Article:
I also wanted something more, shall we say…meaty.

blogtaste2

I selected two novels. One was authored by a Pulitzer Prize winner. The other was a joint effort by two women whose steady day-jobs are in the fashion industry. You can probably guess which was ‘fluff’ and which was ‘meaty.’

But the read was totally unexpected.

I opened the Pulitzer’s offering to be greeted by a two-page family tree. Dozens of names, some of which were only mentioned in passing throughout the course of the long, long story. I had to bookmark this reference tool and return to it every few pages, working out the relationships of characters that drifted in and out.

It was well-written. It was richly written. The gamut of characters and dialogue and situations and eras was beautifully done. Yet I felt unsatisfied at the end. It required effort to read, but for me the finely detailed portraits didn’t go anywhere. It was masterful, but it didn’t touch me.

It was a Rembrandt painting hanging behind velvet ropes. I could appreciate it, but, having looked my fill, I moved on.

Then there was the brain-candy book.

blogtaste3

I couldn’t put it down.

It accompanied me everywhere so I could devour a few pages at every opportunity: stop lights…lines at the post office…lines at the store…waiting rooms…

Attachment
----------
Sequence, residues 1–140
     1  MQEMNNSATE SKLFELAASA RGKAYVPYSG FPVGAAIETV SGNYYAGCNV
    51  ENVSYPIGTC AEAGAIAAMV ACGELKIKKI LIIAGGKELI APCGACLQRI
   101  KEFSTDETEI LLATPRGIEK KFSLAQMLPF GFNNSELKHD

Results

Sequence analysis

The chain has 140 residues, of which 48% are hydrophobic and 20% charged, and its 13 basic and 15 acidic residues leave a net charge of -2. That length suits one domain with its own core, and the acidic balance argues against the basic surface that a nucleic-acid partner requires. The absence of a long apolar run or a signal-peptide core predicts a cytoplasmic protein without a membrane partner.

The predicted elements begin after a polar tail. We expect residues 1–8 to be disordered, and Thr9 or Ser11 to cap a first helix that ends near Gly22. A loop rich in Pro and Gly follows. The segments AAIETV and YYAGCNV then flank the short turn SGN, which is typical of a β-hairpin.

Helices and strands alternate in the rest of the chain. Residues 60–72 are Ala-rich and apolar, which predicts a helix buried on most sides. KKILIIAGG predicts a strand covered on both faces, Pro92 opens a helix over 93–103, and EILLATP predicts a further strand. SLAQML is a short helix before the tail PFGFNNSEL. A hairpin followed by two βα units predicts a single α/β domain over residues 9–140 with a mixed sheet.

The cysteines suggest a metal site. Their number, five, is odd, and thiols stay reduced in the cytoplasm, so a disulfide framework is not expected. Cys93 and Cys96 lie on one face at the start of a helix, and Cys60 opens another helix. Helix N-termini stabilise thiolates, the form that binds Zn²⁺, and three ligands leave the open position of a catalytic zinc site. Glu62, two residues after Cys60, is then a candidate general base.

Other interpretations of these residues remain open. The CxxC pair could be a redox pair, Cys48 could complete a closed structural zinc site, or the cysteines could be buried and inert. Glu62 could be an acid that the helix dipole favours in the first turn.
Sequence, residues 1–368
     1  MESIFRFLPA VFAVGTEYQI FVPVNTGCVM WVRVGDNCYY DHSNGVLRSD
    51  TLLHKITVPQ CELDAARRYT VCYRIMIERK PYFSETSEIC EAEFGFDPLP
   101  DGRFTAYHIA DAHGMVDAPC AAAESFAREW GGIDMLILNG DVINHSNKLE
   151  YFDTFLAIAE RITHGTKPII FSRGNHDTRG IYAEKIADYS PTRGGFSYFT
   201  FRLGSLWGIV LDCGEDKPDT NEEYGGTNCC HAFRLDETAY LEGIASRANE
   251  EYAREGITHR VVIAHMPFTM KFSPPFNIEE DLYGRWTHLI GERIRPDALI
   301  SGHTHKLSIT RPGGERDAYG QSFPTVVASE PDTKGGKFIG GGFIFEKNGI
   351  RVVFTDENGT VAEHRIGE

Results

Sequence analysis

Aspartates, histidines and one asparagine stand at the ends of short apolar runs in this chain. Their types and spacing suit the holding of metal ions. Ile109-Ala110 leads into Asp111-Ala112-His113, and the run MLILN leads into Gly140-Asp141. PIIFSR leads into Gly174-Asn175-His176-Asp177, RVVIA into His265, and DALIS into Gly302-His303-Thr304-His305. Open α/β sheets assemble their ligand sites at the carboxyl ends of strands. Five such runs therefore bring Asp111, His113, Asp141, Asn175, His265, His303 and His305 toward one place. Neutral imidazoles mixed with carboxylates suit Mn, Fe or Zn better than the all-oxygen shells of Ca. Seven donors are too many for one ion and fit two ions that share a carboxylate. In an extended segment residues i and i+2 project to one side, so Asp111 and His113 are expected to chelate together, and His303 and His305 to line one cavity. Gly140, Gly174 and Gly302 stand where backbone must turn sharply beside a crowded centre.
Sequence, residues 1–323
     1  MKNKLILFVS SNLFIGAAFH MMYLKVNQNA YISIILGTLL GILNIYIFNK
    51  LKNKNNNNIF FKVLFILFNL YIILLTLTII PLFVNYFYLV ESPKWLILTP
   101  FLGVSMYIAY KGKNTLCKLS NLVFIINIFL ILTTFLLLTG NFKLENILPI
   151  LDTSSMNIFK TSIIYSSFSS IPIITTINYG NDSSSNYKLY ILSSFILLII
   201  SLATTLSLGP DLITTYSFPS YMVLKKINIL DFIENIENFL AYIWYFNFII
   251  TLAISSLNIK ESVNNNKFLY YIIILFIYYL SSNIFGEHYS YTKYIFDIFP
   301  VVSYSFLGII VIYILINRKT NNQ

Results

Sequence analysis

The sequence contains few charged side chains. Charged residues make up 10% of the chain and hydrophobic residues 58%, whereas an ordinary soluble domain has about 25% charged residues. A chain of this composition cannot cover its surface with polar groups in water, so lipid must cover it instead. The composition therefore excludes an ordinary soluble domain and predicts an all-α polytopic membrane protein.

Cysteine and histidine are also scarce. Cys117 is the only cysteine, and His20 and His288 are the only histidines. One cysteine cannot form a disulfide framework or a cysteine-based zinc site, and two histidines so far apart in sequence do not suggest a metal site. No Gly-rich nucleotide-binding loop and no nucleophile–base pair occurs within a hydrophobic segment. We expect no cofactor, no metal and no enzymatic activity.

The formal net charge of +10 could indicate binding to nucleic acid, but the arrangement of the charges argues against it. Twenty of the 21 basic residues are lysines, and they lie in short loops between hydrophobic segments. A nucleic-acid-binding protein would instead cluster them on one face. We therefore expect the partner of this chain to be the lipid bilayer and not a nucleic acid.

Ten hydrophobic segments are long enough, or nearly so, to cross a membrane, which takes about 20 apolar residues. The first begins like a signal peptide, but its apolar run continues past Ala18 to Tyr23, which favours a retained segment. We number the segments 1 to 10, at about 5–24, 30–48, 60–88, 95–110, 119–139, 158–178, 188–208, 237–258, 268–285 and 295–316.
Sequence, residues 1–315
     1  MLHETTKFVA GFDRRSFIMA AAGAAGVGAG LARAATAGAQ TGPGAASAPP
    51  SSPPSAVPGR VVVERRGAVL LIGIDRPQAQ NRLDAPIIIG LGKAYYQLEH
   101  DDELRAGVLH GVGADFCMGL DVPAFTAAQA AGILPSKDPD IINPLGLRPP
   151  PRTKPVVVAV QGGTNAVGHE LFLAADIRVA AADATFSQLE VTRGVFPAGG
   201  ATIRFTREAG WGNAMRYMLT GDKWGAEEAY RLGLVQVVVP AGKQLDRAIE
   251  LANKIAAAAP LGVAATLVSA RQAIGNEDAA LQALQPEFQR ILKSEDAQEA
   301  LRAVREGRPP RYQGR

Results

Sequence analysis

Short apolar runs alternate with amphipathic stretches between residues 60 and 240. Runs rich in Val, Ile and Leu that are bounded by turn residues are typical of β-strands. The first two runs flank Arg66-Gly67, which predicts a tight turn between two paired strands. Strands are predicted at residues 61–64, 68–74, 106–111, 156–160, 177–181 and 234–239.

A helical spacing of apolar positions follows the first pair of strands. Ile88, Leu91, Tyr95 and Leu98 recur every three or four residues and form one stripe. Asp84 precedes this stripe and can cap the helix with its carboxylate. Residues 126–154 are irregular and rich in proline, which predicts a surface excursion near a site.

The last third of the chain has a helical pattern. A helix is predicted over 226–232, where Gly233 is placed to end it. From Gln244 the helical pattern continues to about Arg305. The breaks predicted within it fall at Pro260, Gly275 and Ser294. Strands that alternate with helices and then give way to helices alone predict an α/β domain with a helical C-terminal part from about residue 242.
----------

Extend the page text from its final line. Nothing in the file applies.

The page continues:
It contained grammatical errors. It was completely predictable. It’s characters were thinly-drawn. But it was riveting, because it left enough blank spaces for me to fill in myself and realize I knew these people!! Everyone knows these people! And I know these situations!! Everyone does!!

It was thoroughly enjoyable and when I finished it, I was sad there wasn’t a sequel. I also wondered how many agents would choose the Pulitzer Prize-winning author’s work over the crowd-pleasing fluff, if they didn’t know the author’s background and the impressive accolades she’d won with previous work.

It’s a puzzle. It’s also a statement about art.

I’m grateful that Rembrandts exist and are available, but a cartoon can speak volumes, too.

So, hats-off to the majority of writers who will never pen the Great American Novel. But their less-exalted work will touch our souls.

And sometimes you just gotta have candy.

blogtaste4

Standard
poem, writing

A Goreyesque-ly Good Day

bloggorey2

The weather is savage.

Wind churns the bay into frothing whitecaps.

The waves batter against the bulkhead with force that resonates through the cottage’s foundation. Two feet of concrete seems like a flimsy barrier upon which to depend when salty droplets pepper the windows.

Leaves and pine needles fall before the gusty assault, turning into missiles that sting the flesh, scoring it with reddened welts.

You feel small and mortal and anxious before such force.

It’s the perfect start to Halloween weekend.

To make it even better, the online literary journal Goreyesque has published my poem ‘Ogre’ in their Halloween edition.

http://www.goreyesque.com/cat-jenkins

bloggorey1

Always a fan of the subtle, sublime, and unsettlingly brilliant author and artist Edward Gorey, I am honored.